Savings Alert: We've added new, lower prices at most pharmacies for this prescription. Learn More
Toujeo (insulin glargine) is a long acting type of insulin. Insulin helps to control blood sugar levels in diabetes mellitus, including diabetes type 1 and diabetes type 2. Toujeo is slightly less popular than other insulins. There are currently no generic options for any insulin brand, but less expensive biosimilars may be available soon.
Check our savings tips for co-pay cards, assistance programs, and other ways to reduce your cost. Toujeo is covered by some Medicare and insurance plans.
Many manufacturers offer programs that will reduce your out-of-pocket costs for this prescription. These programs are free but may have some rules or restrictions, so you’ll want to review carefully. When you’re ready to use this coupon, simply present the coupon to your pharmacist with a valid prescription for your medication.
|Program Name:||Toujeo Savings Card|
|How do I get the discount?||Register online to download and print a card. You can also activate or replace a card online.|
|How much can I save?||Your out-of-pocket cost can be reduced to $10 per fill.|
|Do I need insurance?||No. However, you will pay more without commercial insurance.|
|Number of uses:||Up to 12 uses.|
Many programs are available from federal and state governments, non-profits, manufacturers, and other organizations to help you get the drugs you need at a reduced cost. Eligibility is often based on income, insurance or Medicare status, and other factors. You’ll need to apply through each program, either online, over the phone, or with your doctor's help. The following program is offered by the manufacturer of this drug.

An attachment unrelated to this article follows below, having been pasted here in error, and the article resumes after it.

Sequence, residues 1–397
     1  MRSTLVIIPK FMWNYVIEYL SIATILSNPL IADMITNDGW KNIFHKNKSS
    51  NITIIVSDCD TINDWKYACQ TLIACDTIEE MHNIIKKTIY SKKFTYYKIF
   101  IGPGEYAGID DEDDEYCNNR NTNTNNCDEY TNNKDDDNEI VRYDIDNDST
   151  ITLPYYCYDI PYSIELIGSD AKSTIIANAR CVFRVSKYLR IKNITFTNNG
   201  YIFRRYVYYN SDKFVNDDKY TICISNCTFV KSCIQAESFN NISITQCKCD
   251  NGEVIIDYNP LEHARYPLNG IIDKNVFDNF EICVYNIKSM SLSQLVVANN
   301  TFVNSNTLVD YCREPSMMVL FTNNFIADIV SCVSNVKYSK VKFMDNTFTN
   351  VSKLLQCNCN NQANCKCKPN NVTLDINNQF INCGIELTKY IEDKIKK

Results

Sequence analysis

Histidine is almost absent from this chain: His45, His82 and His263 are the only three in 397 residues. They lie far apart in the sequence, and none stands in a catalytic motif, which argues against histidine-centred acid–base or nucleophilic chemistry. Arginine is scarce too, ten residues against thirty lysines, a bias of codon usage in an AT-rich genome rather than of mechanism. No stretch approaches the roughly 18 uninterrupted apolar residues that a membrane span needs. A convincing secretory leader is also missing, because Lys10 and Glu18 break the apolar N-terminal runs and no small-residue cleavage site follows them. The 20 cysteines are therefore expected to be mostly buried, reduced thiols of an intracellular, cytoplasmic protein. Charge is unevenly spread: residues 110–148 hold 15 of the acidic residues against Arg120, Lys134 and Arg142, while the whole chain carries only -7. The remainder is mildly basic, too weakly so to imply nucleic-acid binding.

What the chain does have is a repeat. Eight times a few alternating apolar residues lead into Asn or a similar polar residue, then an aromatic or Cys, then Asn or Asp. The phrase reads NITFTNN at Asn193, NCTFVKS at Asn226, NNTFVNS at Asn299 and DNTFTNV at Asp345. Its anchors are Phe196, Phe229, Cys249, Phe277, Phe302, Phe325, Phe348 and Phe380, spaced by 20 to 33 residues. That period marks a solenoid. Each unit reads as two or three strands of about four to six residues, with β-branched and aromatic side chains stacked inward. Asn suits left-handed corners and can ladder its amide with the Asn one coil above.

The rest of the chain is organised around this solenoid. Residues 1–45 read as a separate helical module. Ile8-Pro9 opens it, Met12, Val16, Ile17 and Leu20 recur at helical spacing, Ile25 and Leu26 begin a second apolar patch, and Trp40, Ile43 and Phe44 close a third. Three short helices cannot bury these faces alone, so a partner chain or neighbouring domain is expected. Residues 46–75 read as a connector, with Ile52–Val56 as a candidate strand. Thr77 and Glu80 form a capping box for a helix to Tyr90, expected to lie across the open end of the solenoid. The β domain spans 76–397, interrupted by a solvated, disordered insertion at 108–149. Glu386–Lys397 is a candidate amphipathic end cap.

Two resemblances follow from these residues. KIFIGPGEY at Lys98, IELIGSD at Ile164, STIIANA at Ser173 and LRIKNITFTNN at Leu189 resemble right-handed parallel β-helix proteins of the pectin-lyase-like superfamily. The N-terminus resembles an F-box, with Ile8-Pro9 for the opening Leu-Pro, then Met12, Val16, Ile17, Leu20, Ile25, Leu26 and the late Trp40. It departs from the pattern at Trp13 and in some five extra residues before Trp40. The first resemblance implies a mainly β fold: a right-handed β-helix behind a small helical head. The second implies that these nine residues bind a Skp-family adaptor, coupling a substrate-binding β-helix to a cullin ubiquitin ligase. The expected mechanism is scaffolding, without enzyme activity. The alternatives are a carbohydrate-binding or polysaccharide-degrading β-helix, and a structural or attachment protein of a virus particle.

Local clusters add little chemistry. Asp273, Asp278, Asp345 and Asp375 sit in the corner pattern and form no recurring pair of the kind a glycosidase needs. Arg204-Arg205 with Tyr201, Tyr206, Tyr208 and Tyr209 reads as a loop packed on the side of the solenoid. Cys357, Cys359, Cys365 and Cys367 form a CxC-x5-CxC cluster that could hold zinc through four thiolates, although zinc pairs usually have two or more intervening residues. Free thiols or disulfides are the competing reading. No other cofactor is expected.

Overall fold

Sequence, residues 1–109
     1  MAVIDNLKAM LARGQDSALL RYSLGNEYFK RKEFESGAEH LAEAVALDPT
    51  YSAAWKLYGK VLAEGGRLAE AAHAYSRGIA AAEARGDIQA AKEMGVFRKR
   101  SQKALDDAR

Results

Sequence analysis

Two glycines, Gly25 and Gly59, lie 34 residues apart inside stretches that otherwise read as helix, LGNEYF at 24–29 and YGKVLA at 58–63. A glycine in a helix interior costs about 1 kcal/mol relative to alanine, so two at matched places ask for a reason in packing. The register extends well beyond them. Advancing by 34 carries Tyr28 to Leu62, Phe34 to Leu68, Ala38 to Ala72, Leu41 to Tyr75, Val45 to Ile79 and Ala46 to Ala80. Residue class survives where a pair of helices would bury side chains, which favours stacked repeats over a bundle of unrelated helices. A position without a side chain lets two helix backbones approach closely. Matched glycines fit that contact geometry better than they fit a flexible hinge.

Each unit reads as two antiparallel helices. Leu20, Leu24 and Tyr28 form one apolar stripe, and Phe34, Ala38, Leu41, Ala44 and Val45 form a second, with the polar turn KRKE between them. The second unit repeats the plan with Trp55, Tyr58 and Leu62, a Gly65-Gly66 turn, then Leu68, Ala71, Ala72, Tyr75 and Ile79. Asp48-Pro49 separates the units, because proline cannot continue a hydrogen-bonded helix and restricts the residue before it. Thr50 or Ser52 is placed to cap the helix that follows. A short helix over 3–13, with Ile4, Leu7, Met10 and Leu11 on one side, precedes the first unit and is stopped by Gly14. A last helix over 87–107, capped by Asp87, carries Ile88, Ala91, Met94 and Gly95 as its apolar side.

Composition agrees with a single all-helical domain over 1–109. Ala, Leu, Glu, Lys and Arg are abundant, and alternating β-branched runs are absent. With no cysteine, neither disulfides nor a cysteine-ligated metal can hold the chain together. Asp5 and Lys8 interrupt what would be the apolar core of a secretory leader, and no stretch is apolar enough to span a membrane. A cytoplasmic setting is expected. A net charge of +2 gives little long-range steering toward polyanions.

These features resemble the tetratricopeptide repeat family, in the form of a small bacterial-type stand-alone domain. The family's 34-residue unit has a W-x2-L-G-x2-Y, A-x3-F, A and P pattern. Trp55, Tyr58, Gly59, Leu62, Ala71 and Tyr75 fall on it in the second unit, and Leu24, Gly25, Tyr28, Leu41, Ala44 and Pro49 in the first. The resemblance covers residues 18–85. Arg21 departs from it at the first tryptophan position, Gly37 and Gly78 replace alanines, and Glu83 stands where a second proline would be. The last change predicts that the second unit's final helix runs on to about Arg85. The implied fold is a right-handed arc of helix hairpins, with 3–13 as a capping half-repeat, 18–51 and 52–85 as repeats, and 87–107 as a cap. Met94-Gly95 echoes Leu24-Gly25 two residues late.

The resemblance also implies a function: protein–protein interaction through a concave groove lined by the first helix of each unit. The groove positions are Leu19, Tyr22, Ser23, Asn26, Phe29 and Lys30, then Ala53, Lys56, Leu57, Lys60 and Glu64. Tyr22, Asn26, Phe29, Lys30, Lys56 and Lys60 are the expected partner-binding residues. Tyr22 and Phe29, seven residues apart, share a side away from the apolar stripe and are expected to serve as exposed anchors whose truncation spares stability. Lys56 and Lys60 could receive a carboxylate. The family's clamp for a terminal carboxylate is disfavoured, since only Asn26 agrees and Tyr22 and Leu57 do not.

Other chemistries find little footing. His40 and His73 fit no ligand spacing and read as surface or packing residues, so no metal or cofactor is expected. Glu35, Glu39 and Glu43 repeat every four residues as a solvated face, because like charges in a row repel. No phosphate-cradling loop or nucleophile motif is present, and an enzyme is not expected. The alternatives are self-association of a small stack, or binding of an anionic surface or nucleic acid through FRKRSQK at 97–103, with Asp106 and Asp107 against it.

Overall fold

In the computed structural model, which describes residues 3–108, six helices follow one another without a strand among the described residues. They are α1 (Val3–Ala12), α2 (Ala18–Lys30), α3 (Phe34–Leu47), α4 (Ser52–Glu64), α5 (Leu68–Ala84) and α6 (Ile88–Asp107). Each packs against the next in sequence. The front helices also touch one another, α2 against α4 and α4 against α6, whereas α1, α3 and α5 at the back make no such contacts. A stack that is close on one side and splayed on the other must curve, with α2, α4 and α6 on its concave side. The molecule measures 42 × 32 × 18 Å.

|Program Name:||Sanofi Patient Connection|
|How do I apply?||Ask your doctor to help you fill out an application. You can find the form on the program website and can be submitted by mail or fax.|
|What are the benefits?||You can receive your medication at no cost.|
|What are the restrictions?||Most people without insurance and with limited incomes will qualify.|
|Keep in mind||Insured and Medicare Part D patients may still be eligible for the program under certain eligibility criteria. Contact the program to find out more.|
You may find that filling a 90-day supply will reduce your total cost for this prescription. As an added bonus, you'll make fewer trips to the pharmacy, saving you time and money.
If you have insurance or Medicare, you may find that you receive lower prices if you fill your prescriptions through your plan’s mail order pharmacy. Many insurance plans (and most Medicare plans) are now offering similar rates at a select group of “preferred” retail pharmacies. Some plans may require that you fill through a mail order pharmacy for fills of more than a 30-day supply.
To switch to 90-day fills, note that you'll need a new prescription from your doctor; a 30-day quantity prescription will not allow 90-day fills.
There may be other prescriptions in the same class (that work in the same way) that could treat your condition just as well at a much lower cost.
If you're taking an expensive brand-name-only drug, it may be worth asking your doctor if there are any other less expensive, generic, or over-the-counter options that might work for you.